There is no doubt that the continent needs investment. The smallest share of global exports comes from Africa - just 3.5%. But only a trickle of global foreign direct investment (FDI) comes to Africa at 0.96% and the continent is not integrated into international financial markets. "This cannot continue," President Jakaya Kikwete of Tanzania said, adding that "if there is any predicament to African development, it is this state of affairs." While he might have left some other issues out, he still had a supporter in Klaus Schwab, Founder and Executive Chairman, the World Economic Forum who observed that there are "deep misconceptions" about Africa in the world.

This is more than commendable for an outsider who knows that the continent has real challenges. And South Africa’s Finance Minister, Pravin Gordhan, went on to say that the continent remains the most competitive in terms of returns on investment. He dismissed some international investors who perceived and described Africa as a risky place to do business as people who were out of touch with reality. But such investors’ perception ensures that Africa loses between US$200 billion and US$400 billion annually in capital flight alone. The challenges they confront, for which policy makers are often blamed, cannot be exonerated.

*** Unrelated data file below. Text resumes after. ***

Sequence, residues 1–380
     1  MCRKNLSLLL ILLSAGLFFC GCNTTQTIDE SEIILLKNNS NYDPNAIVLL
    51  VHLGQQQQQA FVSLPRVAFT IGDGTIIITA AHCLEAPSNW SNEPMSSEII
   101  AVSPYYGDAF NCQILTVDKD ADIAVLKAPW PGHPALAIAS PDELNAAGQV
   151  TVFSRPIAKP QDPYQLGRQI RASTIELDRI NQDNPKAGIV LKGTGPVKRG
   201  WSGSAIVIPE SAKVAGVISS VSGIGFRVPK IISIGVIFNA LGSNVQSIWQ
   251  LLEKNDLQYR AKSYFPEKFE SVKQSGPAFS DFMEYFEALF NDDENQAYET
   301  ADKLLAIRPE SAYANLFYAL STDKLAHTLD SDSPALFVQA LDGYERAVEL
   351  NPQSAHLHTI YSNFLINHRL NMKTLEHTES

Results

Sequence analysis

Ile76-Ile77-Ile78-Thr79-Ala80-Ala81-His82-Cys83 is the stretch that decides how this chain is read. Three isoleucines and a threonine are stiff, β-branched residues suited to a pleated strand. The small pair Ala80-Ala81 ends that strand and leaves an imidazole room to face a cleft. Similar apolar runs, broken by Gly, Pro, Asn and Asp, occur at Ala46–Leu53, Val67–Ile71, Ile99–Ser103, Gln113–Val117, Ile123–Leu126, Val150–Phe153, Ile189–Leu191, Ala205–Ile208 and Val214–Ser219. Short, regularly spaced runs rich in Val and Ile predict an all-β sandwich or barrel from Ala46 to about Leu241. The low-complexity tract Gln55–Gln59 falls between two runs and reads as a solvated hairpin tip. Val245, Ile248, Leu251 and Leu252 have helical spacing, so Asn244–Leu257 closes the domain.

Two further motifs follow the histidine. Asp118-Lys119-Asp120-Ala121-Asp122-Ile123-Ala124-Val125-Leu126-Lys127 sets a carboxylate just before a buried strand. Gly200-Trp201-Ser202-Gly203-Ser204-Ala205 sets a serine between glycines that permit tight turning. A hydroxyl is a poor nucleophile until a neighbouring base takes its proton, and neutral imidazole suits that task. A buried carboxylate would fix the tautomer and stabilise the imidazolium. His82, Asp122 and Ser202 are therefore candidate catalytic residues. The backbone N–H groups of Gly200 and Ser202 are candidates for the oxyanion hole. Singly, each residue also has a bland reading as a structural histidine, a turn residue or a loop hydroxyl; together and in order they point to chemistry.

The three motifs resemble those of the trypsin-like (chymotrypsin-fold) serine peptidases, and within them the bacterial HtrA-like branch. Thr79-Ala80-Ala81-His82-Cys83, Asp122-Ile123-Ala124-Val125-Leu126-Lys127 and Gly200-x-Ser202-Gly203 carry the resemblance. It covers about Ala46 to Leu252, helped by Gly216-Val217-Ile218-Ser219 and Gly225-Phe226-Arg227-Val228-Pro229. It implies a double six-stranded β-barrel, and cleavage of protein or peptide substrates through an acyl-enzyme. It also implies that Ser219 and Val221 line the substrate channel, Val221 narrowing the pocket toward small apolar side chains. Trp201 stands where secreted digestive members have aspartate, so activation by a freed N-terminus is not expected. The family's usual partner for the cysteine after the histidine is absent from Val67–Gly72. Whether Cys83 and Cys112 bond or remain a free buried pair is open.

One of such challenges is physical infrastructure. Nigerian leadership, for instance, uses every opportunity it has to talk of its challenges in the area of power generation, good roads, good transportation and the rest.  President Goodluck Jonathan mentioned it when he visited the U.S recently while he invited investors to come. But the problem is more than physical infrastructure. "Give business reasonable certainty and predictability and we can [create more] partnerships", advised Pat Davies, Chief Executive, Sasol, South Africa, and Co-Chair of the meeting. The voice of Arcelor Mittal South Africa's Chief Executive Officer, Ms Nku Nyembezi-Heita, agreed with him, and she criticized Pretoria, for instance, for inconsistent fiscal policies. And left out is the endemic corrupt atmosphere at ever stage of an investor’s show of readiness. Cases of corrupt officials who had to be bribed before they awarded contracts are rife such as the America’s Halliburton bribe-for-contract deal, as well as Germany’s Siemens case both of which has the cream of Nigeria’s political elites on the list.